The United Liberation Front of Asom (ULFA), India's most prominent northeast secessionist movement, announced Sept. 17 that it is abandoning peace talks and The United Liberation Front of Asom (ULFA), India's most prominent Northeast secessionist movement, announced Sept. 17 that it is abandoning peace talks and preparing for a full-scale battle. Though ULFA's militant activity is confined to India's restive Northeast, the group's financial enterprise and strong links with Islamist militant groups have made it a threat that New Delhi will not be able to ignore much longer. eparing for a full-scale battle. Though ULFA's militant activity is confined to the India's restive northeast, the group's financial enterprise and strong links with Islamist militant groups have made it a threat that New Delhi will not be able to ignore much longer.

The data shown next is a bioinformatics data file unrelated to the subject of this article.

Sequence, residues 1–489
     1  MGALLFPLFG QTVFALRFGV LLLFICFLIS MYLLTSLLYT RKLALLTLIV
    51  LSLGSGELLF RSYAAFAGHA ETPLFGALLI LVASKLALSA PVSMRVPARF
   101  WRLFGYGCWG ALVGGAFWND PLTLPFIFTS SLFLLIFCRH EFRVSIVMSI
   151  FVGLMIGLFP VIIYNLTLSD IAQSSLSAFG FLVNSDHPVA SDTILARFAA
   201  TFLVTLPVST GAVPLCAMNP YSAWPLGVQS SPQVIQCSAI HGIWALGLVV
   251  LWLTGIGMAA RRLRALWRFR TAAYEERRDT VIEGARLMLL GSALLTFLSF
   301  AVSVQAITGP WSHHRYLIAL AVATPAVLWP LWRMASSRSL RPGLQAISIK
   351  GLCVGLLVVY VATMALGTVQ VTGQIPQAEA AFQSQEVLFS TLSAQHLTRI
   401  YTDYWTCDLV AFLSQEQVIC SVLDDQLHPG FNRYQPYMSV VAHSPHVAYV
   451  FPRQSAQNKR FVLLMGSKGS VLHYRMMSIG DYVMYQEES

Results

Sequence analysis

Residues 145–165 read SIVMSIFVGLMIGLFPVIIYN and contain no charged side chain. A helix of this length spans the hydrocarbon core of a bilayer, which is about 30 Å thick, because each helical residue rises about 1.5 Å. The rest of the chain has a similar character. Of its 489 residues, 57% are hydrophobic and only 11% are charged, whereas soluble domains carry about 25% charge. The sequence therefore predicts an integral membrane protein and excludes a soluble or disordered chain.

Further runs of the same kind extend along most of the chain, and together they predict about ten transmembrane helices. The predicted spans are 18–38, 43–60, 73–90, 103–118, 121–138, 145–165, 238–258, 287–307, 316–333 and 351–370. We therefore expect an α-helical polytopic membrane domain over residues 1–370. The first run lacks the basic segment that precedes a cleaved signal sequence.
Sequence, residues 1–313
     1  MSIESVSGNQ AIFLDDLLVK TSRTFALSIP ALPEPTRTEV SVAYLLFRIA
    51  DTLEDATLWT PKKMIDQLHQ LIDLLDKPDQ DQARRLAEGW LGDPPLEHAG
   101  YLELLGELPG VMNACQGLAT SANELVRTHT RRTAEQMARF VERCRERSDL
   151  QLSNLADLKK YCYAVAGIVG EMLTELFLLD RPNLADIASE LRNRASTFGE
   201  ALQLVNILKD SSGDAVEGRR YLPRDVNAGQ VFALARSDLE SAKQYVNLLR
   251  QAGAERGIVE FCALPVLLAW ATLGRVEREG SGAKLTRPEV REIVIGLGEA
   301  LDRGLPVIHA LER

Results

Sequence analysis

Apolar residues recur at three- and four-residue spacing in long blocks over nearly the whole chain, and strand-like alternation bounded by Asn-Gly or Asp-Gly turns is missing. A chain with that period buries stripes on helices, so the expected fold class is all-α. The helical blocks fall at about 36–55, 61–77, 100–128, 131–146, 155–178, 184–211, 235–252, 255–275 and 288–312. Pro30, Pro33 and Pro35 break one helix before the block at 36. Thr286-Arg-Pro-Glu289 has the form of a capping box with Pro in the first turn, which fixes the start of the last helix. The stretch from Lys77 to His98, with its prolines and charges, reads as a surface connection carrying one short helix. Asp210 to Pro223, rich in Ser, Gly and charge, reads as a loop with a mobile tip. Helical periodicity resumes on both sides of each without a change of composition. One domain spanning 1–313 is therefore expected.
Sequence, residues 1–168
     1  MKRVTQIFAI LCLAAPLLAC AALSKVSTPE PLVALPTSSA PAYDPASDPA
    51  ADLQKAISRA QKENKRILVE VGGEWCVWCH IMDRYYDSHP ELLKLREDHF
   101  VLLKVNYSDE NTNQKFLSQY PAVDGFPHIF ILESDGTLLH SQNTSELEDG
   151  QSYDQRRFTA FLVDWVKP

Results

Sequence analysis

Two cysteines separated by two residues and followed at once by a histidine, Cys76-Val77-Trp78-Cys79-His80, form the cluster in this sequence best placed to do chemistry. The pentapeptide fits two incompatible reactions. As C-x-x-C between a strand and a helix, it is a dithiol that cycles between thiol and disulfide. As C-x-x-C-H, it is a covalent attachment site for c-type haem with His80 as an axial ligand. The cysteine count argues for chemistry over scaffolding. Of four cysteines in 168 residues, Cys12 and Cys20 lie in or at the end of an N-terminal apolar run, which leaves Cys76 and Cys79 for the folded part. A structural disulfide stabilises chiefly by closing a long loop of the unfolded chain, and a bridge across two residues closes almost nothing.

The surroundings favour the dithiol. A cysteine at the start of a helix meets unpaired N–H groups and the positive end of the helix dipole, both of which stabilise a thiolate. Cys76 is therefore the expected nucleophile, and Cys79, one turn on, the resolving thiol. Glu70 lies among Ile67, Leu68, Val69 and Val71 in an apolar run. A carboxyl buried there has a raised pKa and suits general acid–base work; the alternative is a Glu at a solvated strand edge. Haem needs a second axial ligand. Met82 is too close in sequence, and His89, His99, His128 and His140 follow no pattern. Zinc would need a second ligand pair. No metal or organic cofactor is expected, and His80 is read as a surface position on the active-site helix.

Indian rebel group the United Liberation Front of Asom (ULFA) announced Sept. 17 that it is giving up on the peace process and readying itself for a full-scale battle. Also Sept. 17, Indian police announced the arrest of a top ULFA leader — the same day that Indian army generals said ULFA is in the process of raising a new battalion in Karbi Anglong district near the Bangladeshi border to take advantage of the reduced security presence in the area. Based in India's northeastern state of Assam, ULFA is the largest and most powerful militant group in the Northeast, where an array of separatist insurgent groups wreaks havoc on a regular basis. ULFA's attacks over the past year have focused primarily on driving out Hindi-speaking migrants and causing damage to oil and natural gas pipelines in Assam. ULFA regularly dances around the idea of peace talks and knows full well that New Delhi is not serious about rewarding its militant campaign with political concessions. At the same time, ULFA prefers keeping up the militant front to maintain its financial network and its beneficial relationship with Pakistan's intelligence agency that helps keep India's hands tied. Thus, talk of negotiations does not really hold much weight. With the Indian government already facing loads of political pressure over its civilian nuclear agreement with the United States and the entry of corporate retail firms into the country, ULFA likely sees this as an opportune time to pressure New Delhi into coming to the negotiating table. The Indian government is reluctant to continue talks, especially as the chief mediator for ULFA, Mamoni Raisom Goswami, is in the hospital after suffering a cerebral stroke. But New Delhi has a growing incentive to pay more attention to ULFA and India's restive Northeast. STRATFOR has been closely monitoring the growing nexus between India's northeastern insurgent outfits and militant Islamist groups that regularly traverse India's extremely porous border with Bangladesh. This is an area where ideology, religion and ethnicity hold little or no regard, as each militant group works with another to promote its cause. ULFA, in particular, has shown a growing propensity to work with Islamist militant groups in the area, and has even begun to outsource operations, including suicide attacks. India received a wake-up call to this threat from the Northeast on Aug. 25, when twin bombings occurred in the city of Hyderabad in southern India. The two prime suspects in that bombing belonged to Bangladesh-based Islamist militant group Harkat-ul-Jihad e-Islami, which is known to have a working relationship with ULFA and other Northeastern insurgent groups, and with Pakistan's Inter-Services Intelligence agency. Though India has largely turned a blind eye to the militant groups operating in its far-flung Northeast, the growing Islamization of the region, the deteriorating security situation in Bangladesh and these insurgents' recent reach into the heart of India's financial hub provide more than enough reason for New Delhi to start paying closer attention to its northeastern border.